Noynoy Aquino, as the campaign period continues, becomes more and more delusional and in his head, the role his mother played in the Philippine’s unfolding history had eclipsed even the Filipino masses. He is either truly ignorant, or he simply chooses to ignore, the reality that his mother’s government also committed countless crimes against the Filipino people.

His mother’s government denied the rights of Satur Ocampo and Bobbie Malay to gain immediate freedom using legal chicanery.


Satur and wife Bobbie returned to the public eye: the former as chief negotiator of the National Democratic Front of the Philippines (NDFP), the latter as chief of staff of the NDFP panel in the peace talks. The NDFP engaged in peace negotiations with the then-newly installed government of Corazon C. Aquino. The initial talks produced a two-month nationwide ceasefire agreement intended to provide the proper atmosphere for the substantive negotiations aimed at ending the protracted armed conflict.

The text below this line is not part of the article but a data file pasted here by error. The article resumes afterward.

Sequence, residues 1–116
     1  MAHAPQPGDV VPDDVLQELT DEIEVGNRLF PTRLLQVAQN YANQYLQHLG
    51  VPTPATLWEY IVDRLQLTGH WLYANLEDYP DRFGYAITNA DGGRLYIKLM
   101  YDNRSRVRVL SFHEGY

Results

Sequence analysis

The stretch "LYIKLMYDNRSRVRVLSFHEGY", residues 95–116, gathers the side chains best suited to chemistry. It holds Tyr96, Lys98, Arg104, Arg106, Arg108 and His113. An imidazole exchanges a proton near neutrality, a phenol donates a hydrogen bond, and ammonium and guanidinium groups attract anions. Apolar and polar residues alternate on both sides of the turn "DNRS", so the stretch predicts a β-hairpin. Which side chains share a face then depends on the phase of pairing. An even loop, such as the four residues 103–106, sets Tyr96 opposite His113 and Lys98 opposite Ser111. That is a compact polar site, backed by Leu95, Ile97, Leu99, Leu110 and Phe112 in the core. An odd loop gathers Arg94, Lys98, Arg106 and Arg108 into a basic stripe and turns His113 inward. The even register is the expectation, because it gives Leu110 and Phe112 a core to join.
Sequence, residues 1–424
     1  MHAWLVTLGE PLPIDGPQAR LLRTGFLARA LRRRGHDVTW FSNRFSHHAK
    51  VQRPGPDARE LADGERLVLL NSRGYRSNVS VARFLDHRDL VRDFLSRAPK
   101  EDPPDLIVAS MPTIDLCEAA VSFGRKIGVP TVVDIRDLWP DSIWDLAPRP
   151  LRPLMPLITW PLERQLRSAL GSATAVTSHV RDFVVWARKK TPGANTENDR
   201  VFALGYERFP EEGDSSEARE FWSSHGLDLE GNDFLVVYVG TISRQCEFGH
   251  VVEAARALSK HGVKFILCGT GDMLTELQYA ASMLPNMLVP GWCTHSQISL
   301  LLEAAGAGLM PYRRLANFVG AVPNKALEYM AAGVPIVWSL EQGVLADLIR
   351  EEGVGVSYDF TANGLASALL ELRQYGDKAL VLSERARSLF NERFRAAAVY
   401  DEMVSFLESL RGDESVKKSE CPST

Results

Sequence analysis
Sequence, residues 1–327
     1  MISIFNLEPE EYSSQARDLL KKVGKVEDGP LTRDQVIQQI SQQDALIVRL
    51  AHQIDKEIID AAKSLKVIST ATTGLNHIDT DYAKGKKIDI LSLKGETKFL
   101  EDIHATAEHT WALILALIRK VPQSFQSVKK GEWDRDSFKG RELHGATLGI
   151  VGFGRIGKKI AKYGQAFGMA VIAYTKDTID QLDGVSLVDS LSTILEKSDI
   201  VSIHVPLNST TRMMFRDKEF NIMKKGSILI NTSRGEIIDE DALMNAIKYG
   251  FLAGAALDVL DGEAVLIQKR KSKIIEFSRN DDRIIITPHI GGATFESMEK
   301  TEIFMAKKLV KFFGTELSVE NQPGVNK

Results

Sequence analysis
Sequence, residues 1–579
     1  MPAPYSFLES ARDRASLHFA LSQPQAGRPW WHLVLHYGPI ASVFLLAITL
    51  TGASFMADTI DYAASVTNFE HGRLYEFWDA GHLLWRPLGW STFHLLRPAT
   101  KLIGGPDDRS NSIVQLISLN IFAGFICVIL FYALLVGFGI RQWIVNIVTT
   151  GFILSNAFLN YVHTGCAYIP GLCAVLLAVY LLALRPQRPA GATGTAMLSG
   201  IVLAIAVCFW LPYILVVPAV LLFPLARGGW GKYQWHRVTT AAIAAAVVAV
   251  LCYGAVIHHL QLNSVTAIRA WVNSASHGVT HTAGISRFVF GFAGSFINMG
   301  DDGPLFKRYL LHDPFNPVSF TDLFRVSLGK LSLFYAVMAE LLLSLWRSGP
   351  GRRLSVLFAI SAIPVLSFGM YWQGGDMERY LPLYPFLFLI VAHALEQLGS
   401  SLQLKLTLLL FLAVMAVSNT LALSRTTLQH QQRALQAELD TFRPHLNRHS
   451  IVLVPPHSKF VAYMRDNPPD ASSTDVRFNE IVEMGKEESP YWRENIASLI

The substantive phase of the peace negotiations was stalled by disagreements on framework as well as on specific issues. In the course of the talks, the GRP panel disclosed threats by military elements against the lives of members of both panels. While the two sides were in the midst of discussing security measures, news arrived that government troops rained bullets on a rally of farmers demanding land reform in front of Malacanang. The brutality which resulted in the death of 17 peasants became known as the Mendiola Massacre. The negotiations, as could have been expected, fell apart. Satur and Bobbie returned to the underground.